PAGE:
Page:Popular Science Monthly Volume 45.djvu/588

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supplies in the winter quarters. The northward movement of all the others must be through some impulse not yet ascertained. In many other instances it is not dependent on the weather at the moment. This is especially the case with sea birds. Prof. Newton observes they can be trusted as the almanac itself. Foul weather or fair, heat or cold, the puffins—Fratercula arctica— repair to some of their stations punctually on a given day, as if their movements were regulated by clockwork. In like manner, whether the summer be cold or hot, the swifts leave their summer home in England about the first week in August July occasional stragglers ever being seen after that date. To say that migration is performed by instinct is no explanation of the marvelelous faculty; it is an evasion of the difficulty. The sense of sight can not guide birds which travel by night, or span oceans or continents in a single flight. In noticing all the phenomena of migration there yet remains a vast untilled region for the field naturalist. What Prof. Newton terms the sense of direction, unconsciously exercised, is the nearest approach yet made to a solution of the problem. He remarks how vastly the sense of direction varies in human beings, contrasting its absence in the dwellers in towns compared with the power of the shepherd and the countryman, and, infinitely more, with the power of the savage or the Arab.

Chemical Constitution and Color.—A curious side light, says Prof. James Emerson Reynolds, seems to be thrown on the nature of the elements by the chemico-physical discussion of the connection existing between the constitution of certain organic compounds and the colors they exhibit. We may take it as an established fact that a relation exists between the power which a dissolved chemical compound possesses of producing the color impression within our comparatively small visual range, and the particular mode of grouping of its constituent radicals in its molecule. Further, the reality of this connection will be most freely admitted in the class of aromatic compounds—that is, in derivatives of benzene, whose constituents are so closely linked together as to exhibit quasi-elemental persistence. If, then, the possession of what we call color by a compound be connected with its constitution, may we not infer that "elements" which exhibit distinct color, such as gold and copper, in thin layers and in their soluble compounds, are at least complexes analogous to definitely decomposable substances? This inference, while legitimate as it stands, would obviously acquire strength if we could show that anything like isomerism exists among the elements; for identity of atomic weight of any two chemically distinct elements must, by all analogy with compounds, imply dissimilarity in constitution, and therefore definite structure, independently of any argument derived from color. Now, nickel and cobalt are perfectly distinct elements, as we all know, but, so far as existing evidence goes, the observed differences in their atomic weights (nickel, 58·6; cobalt, 58·7) are so small as to be within the range of the experimental errors to which the determinations were liable. Here, then, we seem to have the required example of something like isomerism among elements, and consequently some evidence that these substances are complexes of different orders; but in the cases of cobalt and nickel we also know that in transparent solutions of their salts, if not in thin layers of the metals themselves, they exhibit strong and distinct colors—compare the beautiful rosy tint of cobalt sulphate with the brilliant green of the corresponding salt of nickel. Therefore, in exhibiting characteristically different colors, these substances afford us some further evidence of structural differences between the matter of which they consist, and support the conclusion to which their apparent identity in atomic weight would lead us. By means of such side lights we may gradually acquire some idea of the nature of the elements, even if we are unable to get any clew to their origin other than such as may be found in Crookes's interesting speculations.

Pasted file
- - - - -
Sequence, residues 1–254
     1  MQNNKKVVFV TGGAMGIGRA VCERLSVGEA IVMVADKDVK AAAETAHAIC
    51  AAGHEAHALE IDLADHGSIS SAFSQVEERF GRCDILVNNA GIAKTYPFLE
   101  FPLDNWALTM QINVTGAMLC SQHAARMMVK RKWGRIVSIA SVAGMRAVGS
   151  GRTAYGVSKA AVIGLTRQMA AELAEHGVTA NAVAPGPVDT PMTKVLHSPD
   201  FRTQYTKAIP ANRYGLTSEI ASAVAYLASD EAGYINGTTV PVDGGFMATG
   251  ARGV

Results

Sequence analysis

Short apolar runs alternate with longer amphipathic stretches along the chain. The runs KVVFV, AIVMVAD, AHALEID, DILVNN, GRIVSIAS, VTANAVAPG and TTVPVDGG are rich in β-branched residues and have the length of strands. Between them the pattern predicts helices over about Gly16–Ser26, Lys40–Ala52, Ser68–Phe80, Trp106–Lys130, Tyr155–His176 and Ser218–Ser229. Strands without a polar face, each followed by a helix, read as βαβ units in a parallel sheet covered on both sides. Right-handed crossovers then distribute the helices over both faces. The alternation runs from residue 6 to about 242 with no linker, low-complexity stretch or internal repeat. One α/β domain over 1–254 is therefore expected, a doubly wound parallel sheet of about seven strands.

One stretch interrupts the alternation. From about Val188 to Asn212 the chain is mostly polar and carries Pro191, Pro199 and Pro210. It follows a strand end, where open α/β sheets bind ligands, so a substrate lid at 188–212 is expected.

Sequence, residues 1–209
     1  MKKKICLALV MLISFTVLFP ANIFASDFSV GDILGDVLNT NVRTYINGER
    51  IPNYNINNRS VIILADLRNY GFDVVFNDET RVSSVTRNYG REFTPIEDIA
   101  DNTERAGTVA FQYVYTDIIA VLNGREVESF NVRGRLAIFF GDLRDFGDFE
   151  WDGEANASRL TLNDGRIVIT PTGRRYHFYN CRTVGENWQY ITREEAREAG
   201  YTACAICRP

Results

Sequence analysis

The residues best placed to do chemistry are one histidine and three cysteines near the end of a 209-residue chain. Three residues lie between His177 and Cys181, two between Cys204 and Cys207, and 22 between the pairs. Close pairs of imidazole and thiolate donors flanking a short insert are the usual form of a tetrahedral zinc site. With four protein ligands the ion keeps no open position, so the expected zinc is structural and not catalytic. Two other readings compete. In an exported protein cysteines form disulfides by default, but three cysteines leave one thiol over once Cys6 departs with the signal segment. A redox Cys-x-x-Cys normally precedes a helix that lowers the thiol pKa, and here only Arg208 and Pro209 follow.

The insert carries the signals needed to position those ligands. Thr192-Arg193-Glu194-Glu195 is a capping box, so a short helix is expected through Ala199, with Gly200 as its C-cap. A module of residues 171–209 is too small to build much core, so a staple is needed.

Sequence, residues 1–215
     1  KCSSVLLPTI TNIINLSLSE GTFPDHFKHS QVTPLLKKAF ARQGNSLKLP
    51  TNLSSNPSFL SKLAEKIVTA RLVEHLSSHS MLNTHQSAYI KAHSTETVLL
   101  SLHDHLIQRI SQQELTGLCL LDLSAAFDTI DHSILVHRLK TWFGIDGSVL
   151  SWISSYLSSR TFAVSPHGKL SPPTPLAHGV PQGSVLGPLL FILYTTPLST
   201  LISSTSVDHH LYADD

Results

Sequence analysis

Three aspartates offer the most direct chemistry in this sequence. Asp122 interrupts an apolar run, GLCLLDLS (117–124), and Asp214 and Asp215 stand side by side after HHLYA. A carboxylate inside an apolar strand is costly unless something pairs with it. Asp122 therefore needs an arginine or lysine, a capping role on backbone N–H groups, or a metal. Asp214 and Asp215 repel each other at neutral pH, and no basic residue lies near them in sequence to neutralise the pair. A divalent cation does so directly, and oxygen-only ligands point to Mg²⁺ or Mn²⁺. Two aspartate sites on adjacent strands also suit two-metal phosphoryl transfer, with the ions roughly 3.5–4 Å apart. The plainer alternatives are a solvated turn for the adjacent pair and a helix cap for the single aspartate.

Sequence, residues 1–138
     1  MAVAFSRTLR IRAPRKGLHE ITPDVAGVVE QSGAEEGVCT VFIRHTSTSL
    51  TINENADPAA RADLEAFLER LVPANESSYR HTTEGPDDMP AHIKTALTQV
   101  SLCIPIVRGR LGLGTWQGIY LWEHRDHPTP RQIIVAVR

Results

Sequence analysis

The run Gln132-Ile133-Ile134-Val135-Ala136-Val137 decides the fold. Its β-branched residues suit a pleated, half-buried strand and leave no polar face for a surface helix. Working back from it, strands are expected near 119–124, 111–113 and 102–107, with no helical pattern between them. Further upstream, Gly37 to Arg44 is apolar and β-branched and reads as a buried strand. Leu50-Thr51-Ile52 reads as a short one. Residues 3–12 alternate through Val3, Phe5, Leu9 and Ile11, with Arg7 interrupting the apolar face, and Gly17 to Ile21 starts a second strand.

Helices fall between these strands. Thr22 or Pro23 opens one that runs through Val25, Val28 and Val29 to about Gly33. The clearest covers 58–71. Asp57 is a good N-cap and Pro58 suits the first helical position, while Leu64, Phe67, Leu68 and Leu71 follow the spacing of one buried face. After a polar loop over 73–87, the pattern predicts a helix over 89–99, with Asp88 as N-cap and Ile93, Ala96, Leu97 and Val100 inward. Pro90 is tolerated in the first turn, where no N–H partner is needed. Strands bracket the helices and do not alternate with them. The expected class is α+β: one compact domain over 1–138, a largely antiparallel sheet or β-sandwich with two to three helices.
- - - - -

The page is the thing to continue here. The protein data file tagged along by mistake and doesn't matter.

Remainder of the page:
The Camphor Tree.—While camphor was formerly produced in Sumatra, Borneo, and other parts of the East Indies, all now known to the trade comes from Japan and Formosa. The camphor tree is a large evergreen of symmetrical proportions, somewhat resembling a linden. It bears a white flower which ripens into a red berry. Some of the